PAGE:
Posted on August 8, 2019 by Thomas Hnasko
Since the beginning of recorded mineral law, the owner of the mineral interests has enjoyed an elevated status in its relationship with the surface owner, resulting in the universally accepted notion that the mineral estate is the “dominant” estate. Based on this long-standing characterization, courts have traditionally declared that, even where the deed creating a split estate is silent, the mineral owner enjoys an implied easement to use so much of the surface estate as is reasonably necessary for the exploration and production of minerals. A recent, unpublished state court decision explored the intriguing issue of whether the mineral estate’s dominance allows its owner to prevent the surface owner from advocating for environmental protections for the surface in a public forum.
In the case of Lone Mountain Ranch, LLC v. Santa Fe Gold Corp., No. D-101-CV-2013-02581, in which the author represented the surface estate owner, the mineral estate owner asserted that the surface owner’s participation in public processes designed to impose environmental protections for the surface constituted a violation of, or interference with, the mineral estate’s easement for access to and use of the surface for mineral development. The mineral estate owner claimed that such participation by the subservient surface estate would be detrimental to the development of the minerals and, therefore, contrary to the “dominance” enjoyed by the mineral estate. At bottom, the mineral estate owner claimed that its easement deprived the surface owner of its right to advocate in a public forum for environmental protection of the surface estate.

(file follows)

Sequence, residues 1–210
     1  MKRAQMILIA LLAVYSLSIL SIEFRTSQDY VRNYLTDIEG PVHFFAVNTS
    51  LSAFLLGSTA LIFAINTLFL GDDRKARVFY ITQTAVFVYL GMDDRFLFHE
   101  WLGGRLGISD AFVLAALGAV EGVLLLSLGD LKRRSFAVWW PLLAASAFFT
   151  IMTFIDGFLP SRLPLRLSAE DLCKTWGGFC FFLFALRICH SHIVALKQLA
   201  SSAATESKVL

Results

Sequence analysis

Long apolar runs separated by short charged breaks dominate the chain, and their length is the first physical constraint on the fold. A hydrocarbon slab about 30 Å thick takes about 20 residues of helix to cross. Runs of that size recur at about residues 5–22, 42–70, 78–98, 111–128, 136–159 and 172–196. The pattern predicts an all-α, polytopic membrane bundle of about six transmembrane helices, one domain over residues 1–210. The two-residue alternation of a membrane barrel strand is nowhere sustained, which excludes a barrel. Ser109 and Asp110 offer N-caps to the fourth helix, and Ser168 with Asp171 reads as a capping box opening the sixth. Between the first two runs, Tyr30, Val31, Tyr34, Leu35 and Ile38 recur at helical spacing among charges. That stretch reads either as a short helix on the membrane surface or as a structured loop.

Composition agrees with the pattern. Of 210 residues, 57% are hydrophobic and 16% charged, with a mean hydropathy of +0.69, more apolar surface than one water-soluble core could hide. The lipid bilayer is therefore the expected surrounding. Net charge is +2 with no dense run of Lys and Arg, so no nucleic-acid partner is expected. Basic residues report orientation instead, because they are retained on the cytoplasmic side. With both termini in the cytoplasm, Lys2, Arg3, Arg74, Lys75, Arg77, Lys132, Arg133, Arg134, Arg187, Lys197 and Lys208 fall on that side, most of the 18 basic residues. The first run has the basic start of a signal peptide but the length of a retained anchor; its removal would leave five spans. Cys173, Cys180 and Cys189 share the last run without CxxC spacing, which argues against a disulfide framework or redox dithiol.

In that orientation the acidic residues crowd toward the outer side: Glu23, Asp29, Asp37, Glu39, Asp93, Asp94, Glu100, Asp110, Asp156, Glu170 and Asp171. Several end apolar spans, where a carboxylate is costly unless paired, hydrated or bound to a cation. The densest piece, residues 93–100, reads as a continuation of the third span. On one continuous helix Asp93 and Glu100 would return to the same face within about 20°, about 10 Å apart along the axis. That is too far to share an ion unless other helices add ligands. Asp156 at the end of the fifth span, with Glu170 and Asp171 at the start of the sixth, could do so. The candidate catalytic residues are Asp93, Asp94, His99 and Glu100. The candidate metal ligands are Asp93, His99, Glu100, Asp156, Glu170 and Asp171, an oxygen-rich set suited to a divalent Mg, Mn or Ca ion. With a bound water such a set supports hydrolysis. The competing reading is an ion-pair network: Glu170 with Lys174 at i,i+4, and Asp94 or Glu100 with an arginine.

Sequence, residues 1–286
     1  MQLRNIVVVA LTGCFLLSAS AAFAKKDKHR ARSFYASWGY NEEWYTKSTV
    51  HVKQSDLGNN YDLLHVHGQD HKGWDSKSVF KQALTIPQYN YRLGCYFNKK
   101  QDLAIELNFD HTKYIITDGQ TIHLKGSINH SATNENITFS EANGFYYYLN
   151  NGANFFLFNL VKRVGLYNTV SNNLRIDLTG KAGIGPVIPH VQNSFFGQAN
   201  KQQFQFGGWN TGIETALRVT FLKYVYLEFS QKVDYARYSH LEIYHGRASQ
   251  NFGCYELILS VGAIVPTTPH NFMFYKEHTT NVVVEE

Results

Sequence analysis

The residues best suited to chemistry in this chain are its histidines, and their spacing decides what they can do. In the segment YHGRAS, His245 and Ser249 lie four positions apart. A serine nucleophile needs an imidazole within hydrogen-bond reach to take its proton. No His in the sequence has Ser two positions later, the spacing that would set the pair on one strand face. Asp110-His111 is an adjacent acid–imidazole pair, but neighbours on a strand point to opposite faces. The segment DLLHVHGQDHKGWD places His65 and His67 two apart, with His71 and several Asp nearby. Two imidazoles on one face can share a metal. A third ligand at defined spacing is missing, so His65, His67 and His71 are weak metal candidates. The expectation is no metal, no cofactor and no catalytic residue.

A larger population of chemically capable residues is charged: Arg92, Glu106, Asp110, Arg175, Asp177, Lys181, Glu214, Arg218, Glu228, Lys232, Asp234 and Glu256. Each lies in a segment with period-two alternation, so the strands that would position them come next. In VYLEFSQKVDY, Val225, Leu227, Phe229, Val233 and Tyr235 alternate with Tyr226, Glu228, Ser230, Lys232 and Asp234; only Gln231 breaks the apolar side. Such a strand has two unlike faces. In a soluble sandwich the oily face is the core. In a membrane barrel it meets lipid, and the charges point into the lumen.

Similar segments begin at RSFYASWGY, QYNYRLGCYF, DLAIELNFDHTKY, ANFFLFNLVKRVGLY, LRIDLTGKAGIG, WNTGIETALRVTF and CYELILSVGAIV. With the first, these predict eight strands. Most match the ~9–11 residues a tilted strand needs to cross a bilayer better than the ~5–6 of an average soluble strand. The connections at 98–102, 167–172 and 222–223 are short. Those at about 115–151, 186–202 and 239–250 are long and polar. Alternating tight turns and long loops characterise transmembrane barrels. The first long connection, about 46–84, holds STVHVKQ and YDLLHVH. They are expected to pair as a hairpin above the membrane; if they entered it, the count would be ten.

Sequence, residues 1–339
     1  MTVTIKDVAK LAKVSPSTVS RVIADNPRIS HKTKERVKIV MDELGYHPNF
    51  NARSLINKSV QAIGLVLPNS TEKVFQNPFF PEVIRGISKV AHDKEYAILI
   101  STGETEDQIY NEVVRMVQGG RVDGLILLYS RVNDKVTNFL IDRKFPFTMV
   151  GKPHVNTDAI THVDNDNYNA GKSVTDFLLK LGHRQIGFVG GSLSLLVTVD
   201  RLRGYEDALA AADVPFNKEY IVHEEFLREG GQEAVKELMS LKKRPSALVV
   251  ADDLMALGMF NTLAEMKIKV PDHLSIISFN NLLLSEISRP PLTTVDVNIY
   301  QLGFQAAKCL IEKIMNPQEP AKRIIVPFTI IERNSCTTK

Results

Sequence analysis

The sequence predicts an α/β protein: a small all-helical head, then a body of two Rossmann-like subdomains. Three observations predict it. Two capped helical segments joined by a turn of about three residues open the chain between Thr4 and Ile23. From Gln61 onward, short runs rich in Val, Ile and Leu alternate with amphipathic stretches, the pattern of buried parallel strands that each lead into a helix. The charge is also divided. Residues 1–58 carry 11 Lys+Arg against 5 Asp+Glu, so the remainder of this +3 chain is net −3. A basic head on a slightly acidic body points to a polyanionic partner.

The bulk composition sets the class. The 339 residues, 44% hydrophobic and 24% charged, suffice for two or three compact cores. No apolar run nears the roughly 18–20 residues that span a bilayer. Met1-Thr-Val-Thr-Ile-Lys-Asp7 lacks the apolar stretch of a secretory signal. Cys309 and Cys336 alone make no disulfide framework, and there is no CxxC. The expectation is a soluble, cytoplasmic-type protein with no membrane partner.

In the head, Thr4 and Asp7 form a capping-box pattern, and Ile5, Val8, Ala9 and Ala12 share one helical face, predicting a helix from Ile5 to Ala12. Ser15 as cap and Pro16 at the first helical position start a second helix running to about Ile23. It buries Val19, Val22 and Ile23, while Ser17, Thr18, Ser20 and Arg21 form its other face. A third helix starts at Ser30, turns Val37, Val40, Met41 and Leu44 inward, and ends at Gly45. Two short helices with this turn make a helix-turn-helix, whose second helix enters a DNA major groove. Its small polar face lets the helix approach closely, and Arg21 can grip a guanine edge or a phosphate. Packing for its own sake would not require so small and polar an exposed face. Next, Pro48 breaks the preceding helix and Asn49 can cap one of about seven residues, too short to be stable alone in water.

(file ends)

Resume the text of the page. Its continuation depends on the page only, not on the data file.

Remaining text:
Lone Mountain, as the surface estate owner, countered that such an interpretation would transform an access easement into a restrictive covenant and re-write the deed reservation splitting the estates to include promissory and obligatory terms that have nothing to do with physical access. After hearing from professorial experts in the oil and gas and mineral disciplines, the court agreed with Lone Mountain and held that the dominance enjoyed by the mineral estate refers only to physical access, which the surface owner has no right to obstruct. The court reasoned that an implied or express easement for access and development does not have the characteristics of a restrictive covenant and thus could not foreclose protected public participation and advocacy for environmental protections of the land. As a result, instead of acting as a mere bystander to mineral development, a surface owner under a split estate deed may contest and resist mineral development under that estate based on environmental concerns that are unrelated to issues of physical access granted by the easement.